Wednesday, September 19, 2018

Matthew Sweet - Altered Beast [Vinyl Reissue] (Album Review)

After kicking things off with 100% Fun back in July, Intervention Records continues their artist-approved Matthew Sweet vinyl reissue campaign with this month’s release of Altered Beast. Originally released during the summer of 1993 on Zoo Entertainment, Altered Beast is Sweet’s fourth solo album and had the unenviable task of following up his widely celebrated and career-defining album Girlfriend. As with their 100% Fun reissue, Intervention has once again delivered an impeccably crafted album that is visually stunning and sonically brilliant. This reissue is 100% analog mastered from the original analog master tape sources and the original 15-track album has been given some room to breathe through an impressive double-disc pressing (15 album tracks split over three sides plus six bonus tracks on the fourth) on “ultra quiet” 180-gram black vinyl. The packaging is really gorgeous as well, once again being housed in an “Old Style” gatefold from Stoughton Printing with a blindingly crisp, faithfully recreated cover from the original. I love the choice of the orange cover version, as the original CD featured five different color variations and this vibrant orange truly pops in this larger LP setting.

Upon its original release back in 1993, Altered Beast spawned a couple of radio semi-hits with “The Ugly Truth” and “Time Capsule.” However, its true sonic legacy lies in the super-stacked, all-star level roster of session musicians that Sweet surrounded himself with to the capture his ferocious new collection of songs. Alongside his own guitar-playing, Sweet invited a trio of ‘70s New York punk rock royals that included Television’s Richard Lloyd and Voidoids guitarists Robert Quine and Ivan Julian. For drums, he also assembled an unbelievable trio of legends: Pete Thomas (Elvis Costello), Mick Fleetwood (Fleetwood Mac), and Jody Stephens (Big Star). Rounding things out on keyboard was Nicky Hopkins, who played on some of the biggest albums in The Rolling Stones, The Kinks, and The Who catalogs. Hopkins also played with Jefferson Aeroplane during their Woodstock set. Needless tosay, there are more than a handful of truly inspired musical performances woven throughout Altered Beast, often multiple ones happening all at the same time.

However, the embarrassment of musical riches on Altered Beast may have also led to one of its biggest points of criticisms. As Rolling Stone stated in their initial review of the album in 1993, “Though much of their playing is exciting, the music sounds cramped, the victim of too many overdubs. Rather than pointing up especially emotive moments, Sweet allows the music to swamp him.” It’s a fair point, as some moments on the album feel like there is a lot going simultaneously, but not necessarily cohesively. At certain points Sweet’s voice can get lost in the mix a bit as well. While some of this may have been intentional artistic choices – especially after the powerfully melodic sheen of Girlfriend – some of it is just sheer sonic physics. CDs only have so much bandwidth to play with and if you’ve got multiple instruments fighting for space in the same frequency ranges, some parts are just going to get diluted or washed out entirely.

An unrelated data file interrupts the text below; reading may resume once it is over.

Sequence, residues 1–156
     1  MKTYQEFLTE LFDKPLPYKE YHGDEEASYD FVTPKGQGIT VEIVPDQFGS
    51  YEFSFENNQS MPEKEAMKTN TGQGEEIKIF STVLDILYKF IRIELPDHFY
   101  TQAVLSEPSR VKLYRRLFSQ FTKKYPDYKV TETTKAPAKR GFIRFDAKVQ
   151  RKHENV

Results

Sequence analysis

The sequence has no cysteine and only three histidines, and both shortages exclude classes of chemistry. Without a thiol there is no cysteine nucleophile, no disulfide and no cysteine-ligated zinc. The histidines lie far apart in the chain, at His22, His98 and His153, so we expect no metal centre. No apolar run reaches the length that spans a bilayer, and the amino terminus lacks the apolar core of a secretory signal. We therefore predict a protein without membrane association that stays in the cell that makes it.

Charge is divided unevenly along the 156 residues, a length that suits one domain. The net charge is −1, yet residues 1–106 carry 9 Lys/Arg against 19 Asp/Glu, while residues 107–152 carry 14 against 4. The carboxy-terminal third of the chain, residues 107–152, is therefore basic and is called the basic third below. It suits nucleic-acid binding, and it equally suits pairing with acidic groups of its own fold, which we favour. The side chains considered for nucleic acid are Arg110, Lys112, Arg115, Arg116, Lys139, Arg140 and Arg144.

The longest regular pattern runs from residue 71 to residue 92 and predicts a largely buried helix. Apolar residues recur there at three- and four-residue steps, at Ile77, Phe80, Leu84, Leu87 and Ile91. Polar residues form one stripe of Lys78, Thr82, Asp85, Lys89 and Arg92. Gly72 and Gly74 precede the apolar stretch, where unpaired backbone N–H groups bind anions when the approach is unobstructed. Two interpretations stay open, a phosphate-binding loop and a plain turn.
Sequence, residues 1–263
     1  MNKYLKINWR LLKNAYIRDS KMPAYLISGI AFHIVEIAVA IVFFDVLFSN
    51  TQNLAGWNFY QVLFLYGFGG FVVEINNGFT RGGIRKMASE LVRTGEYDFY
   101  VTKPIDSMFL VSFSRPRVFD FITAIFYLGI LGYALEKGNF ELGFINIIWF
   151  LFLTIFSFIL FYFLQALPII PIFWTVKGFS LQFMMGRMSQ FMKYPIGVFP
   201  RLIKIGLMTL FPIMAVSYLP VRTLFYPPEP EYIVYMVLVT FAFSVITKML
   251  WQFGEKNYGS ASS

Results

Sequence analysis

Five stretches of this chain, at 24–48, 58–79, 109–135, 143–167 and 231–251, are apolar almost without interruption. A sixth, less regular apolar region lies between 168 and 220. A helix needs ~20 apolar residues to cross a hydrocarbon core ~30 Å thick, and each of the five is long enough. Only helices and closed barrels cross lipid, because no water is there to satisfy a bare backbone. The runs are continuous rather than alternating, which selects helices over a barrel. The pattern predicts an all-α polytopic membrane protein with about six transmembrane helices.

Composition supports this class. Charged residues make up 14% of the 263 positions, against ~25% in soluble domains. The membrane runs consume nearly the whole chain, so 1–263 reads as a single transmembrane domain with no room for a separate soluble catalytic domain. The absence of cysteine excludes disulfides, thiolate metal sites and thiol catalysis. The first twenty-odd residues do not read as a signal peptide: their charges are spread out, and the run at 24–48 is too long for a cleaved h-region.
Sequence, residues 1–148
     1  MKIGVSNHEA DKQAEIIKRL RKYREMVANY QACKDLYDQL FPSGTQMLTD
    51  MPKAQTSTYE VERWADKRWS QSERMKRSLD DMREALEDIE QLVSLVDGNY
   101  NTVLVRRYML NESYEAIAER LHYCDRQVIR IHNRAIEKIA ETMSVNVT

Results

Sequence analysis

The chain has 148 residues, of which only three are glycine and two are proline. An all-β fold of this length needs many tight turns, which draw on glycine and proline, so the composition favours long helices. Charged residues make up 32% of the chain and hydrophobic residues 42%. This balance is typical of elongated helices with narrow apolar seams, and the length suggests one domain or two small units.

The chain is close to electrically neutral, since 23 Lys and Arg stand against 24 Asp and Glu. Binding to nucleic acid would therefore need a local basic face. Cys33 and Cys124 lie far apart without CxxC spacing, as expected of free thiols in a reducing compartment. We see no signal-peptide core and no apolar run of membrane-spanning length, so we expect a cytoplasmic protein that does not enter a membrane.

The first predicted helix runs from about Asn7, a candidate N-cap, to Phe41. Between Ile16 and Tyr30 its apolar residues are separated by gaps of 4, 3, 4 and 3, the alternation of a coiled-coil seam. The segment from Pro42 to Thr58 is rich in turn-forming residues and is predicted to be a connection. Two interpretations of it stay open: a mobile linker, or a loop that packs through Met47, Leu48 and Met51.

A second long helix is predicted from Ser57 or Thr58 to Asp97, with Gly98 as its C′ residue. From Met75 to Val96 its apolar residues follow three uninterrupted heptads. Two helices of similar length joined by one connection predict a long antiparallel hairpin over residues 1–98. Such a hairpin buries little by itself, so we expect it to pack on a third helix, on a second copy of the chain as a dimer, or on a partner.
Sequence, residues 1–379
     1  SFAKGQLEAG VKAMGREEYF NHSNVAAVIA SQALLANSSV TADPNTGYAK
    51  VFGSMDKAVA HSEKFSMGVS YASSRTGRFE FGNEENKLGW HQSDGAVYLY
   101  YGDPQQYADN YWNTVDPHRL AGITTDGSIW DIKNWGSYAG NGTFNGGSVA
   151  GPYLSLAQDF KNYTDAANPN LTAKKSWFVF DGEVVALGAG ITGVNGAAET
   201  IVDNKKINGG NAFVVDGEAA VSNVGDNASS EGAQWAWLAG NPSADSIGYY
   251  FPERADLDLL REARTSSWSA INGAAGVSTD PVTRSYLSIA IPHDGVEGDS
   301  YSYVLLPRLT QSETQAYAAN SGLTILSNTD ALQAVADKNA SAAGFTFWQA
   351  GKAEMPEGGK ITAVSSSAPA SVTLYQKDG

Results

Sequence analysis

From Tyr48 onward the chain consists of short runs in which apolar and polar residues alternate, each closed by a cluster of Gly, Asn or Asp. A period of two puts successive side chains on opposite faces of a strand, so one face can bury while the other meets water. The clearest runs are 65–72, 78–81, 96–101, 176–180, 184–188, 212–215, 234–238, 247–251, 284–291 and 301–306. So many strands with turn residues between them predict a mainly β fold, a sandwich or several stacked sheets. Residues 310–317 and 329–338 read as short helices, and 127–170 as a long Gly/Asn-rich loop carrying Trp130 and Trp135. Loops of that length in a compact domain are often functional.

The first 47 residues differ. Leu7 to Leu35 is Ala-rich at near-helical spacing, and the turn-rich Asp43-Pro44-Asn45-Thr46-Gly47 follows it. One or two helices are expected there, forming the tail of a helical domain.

And this is where Intervention Records new vinyl reissue comes in to save the day!
Sterling Sound’s Ryan K. Smith deftly mastered this new reissue from the original analog master tapes and the tracks have been spread out over two LPs, instead of trying to cram everything on to just two sides. Both decisions combine to create a wonderfully fanned out sonic expanse that enlarges the roaring guitars and thundering drums that is equally pleasing and pummeling. Also, unlike CD versions of the album, there is no quality loss as you increase the volume. Intervention has once again created a high-quality vinyl reissue that is not only meant to be played loud, it practically demands it.

Continuing the much-appreciated "expanded edition" nature of Sweet’s 100% Fun reissue, this Altered Beast reissue features an incredible chunk of bonus tracks that were recorded during the same era as the album. “Born in Sin” and “Ultrasuede” originally appeared as b-sides to his “The Ugly Truth” CD single (with the former featuring some dreamy pedal steel from Greg Leisz and the latter featuring some wonderfully fuzzed-out electric guitar from Lloyd), “Superdeformed” opened the jaw-dropping No Alternative compilation from ’93, “Speed of Light” and “Thing” were b-sides to the “Time Capsule” CD single, and the in-and-out in under two minutes noisey romp of “Bovine Connection” (featuring Fleetwood on drums) originally appeared on a pretty fantastic Zoo Entertainment label compilation that also featured Big Star, Tool, and Green Jelly’s cover of “Anarchy in the U.K.” All six bonus tracks make up Side D of this vinyl reissue.

Side D bonus tracks:
"Born In Sin"
"Speed of Light"
"Bovine Connection"

The artist-approved expanded edition reissue of Altered Beast can be ordered directly from Intervention Records on vinyl or CD here:

Additionally, you can also pre-order the entire 4-album bundle from Intervention with 100% Fun and Altered Beast shipping now, Son of Altered Beast (available for the first time ever on vinyl) shipping in September, and Girlfriend shipping in November.

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